How to understand and deal with your grief
It’s natural to be upset when you lose someone you care about, but not everyone experiences grief in the same way. Not everyone will have all these feelings, or will experience them in the same order. Some people might not even experience any.
You might also see the stages of grief referred to as the Kübler-Ross model, or as DABDA, which are simply other names for the same idea.
The five stages of grief
When someone you love is first diagnosed or in the later stages of an illness, many people will feel that the situation is not real, that there has been some mistake.
It may seem odd, but denial is often an important part of grieving. You only accept as much about the situation as you’re able to deal with. This allows you the time to come to terms with what’s happening.
Anger can come in many different forms. Many carers experience anger at the wider world for the unfairness of their loved ones getting sick, or at themselves for letting someone else become ill.
When you’re angry, you have energy and direction though. If you’ve gone through denial first, anger makes you feel a little stronger, and it’s a step to coming to terms with your grief. And remember, it’s natural to feel angry, and you’re only angry about losing someone you really care about.
You might feel that if you can only change your lifestyle, perhaps by being a ‘better person’, that the situation will change for the better. It might seem that you will do almost anything to change how things are. Children in grief and grieving teenagers will often fall into a bargaining stage. Sometimes with bargaining you might also feel guilt, for example not taking a loved one to the doctor sooner.
Bargaining is a stage that often flips into one of the other stages. You blame yourself, and then are angry. You say you’ll do something so it’ll all go away, and are in denial of the situation or get depressed. It’s like the link for you experiencing grief in its many stages.
When you are feeling depressed, it can feel like it will last forever. You might feel empty, find it hard to concentrate and withdraw yourself from your everyday activities.
It’s important to understand that being depressed at losing a loved one is not a sign of mental illness. It is a natural reaction to a great loss. Seeing someone get ill is a dark time, and to not experience depression would be unusual. But it can be a step to coming to terms with what has happened.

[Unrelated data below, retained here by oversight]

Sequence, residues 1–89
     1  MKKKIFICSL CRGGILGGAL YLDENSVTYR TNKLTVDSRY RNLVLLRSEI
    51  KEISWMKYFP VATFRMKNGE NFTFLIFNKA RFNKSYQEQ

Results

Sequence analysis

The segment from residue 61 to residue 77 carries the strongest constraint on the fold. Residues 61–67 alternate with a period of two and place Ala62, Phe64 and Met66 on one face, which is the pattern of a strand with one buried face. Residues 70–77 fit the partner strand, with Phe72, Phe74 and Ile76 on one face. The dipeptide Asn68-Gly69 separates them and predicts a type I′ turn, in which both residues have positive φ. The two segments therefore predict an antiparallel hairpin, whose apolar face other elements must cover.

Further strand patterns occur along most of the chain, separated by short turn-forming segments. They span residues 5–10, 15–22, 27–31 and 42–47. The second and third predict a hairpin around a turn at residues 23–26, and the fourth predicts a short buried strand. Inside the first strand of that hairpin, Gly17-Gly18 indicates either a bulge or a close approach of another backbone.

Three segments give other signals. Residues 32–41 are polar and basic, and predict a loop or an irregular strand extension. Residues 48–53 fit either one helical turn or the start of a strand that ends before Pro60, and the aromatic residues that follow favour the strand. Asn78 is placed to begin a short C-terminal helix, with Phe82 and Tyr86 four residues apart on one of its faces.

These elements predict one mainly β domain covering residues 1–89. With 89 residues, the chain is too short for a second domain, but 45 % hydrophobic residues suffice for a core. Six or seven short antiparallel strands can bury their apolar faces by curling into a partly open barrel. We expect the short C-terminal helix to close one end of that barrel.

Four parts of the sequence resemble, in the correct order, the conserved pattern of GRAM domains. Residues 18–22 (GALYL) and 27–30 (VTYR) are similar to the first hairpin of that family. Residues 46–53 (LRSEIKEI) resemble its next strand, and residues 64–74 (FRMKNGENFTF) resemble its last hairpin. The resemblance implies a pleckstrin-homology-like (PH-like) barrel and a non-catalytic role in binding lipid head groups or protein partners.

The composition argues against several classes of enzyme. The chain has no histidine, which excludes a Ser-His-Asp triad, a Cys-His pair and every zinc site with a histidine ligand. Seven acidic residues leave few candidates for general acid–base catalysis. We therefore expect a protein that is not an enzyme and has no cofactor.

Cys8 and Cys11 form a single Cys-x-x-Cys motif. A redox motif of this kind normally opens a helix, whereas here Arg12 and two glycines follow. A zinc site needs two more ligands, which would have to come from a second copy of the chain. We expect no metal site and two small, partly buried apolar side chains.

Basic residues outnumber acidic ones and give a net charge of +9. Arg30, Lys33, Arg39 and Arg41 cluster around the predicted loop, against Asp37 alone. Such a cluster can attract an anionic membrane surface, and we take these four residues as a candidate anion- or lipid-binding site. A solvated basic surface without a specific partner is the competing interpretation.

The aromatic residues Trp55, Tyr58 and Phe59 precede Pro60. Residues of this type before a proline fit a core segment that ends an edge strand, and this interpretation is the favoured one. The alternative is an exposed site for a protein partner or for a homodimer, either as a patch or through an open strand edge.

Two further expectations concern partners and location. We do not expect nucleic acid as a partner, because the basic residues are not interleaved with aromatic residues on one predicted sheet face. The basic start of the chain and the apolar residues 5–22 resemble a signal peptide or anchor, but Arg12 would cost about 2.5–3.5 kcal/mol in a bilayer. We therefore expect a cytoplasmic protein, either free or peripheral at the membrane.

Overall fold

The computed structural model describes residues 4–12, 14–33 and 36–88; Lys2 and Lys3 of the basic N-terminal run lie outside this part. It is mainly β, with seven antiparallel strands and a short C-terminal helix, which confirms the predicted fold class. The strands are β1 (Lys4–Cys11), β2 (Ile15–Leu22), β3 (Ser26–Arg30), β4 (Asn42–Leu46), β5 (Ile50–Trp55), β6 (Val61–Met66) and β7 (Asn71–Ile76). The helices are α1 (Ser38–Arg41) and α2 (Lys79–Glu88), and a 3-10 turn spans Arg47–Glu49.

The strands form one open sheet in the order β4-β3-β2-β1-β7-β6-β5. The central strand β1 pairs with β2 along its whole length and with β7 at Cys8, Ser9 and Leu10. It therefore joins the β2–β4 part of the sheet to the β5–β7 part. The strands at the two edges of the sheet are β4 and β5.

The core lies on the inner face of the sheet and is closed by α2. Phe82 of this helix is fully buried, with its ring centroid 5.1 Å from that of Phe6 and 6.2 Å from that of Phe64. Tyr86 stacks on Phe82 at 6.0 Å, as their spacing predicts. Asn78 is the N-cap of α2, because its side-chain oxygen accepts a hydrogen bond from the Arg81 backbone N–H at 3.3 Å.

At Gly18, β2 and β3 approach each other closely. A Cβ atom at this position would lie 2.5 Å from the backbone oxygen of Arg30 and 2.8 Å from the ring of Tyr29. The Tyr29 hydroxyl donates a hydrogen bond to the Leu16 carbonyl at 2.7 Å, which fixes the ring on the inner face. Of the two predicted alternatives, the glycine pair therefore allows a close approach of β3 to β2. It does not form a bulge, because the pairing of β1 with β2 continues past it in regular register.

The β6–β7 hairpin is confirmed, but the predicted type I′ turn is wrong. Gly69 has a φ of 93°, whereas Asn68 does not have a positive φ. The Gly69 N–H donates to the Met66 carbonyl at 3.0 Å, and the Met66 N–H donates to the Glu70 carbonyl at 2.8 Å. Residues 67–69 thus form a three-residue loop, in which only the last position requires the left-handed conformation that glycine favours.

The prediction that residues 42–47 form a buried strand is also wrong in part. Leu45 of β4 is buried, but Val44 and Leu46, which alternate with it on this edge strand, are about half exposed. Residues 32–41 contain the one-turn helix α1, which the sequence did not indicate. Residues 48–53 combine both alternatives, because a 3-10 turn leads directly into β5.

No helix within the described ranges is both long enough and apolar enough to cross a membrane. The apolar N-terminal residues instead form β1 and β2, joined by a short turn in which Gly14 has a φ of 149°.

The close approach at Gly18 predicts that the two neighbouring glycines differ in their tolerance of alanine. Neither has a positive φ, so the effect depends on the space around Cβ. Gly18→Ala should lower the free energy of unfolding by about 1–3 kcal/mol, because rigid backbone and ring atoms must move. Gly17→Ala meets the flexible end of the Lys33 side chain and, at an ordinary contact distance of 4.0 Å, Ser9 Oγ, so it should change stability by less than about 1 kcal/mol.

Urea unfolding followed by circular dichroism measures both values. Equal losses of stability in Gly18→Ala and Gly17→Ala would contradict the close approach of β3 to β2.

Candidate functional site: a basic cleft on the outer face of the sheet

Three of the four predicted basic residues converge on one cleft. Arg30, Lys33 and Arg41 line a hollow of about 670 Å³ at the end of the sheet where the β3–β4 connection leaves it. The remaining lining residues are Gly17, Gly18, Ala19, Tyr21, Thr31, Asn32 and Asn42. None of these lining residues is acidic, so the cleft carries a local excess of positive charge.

When you come to accept what has happened, you are not likely to feel ‘OK’ or ‘alright’ about it. Acceptance is much more about understanding that what has happened cannot change, and that you need to readjust your life.
During acceptance you might feel like you’re betraying your loved one. But what you are doing is rebuilding your life, going back to the relationships you might have put on hold during your loved one’s illness, and even building new relationships.
Ways to cope
One of the most important things to do is make sure you’re looking after yourself properly by sleeping as well as you can and trying to eat as you normally would.
Ann Scanlon, Children and Young Persons Counsellor at the Marie Curie Hospice, West Midlands, says: "Remembering a loved one and finding the right way to do so can be a challenging step in someone’s journey through bereavement. I’ve worked with families to help create a memory jar, in which different kinds of memories of the special person they’ve lost are written down and shared together (or sometimes kept private) and added to the jar. Creating physical reminders of memories shared can help validate the time spent together with that person, especially for a young person."
You can find out more about Coping with grief in the information and support section of our website, or try our bereavement resources for books to help you make sense of your feelings.
If you want to talk to someone, you can call the Marie Curie Support Line, 0800 090 2309*, open 8am to 6pm Monday to Friday and 11am to 5pm Saturday, and our Marie Curie Community .
*Your call may be recorded for training and monitoring purposes.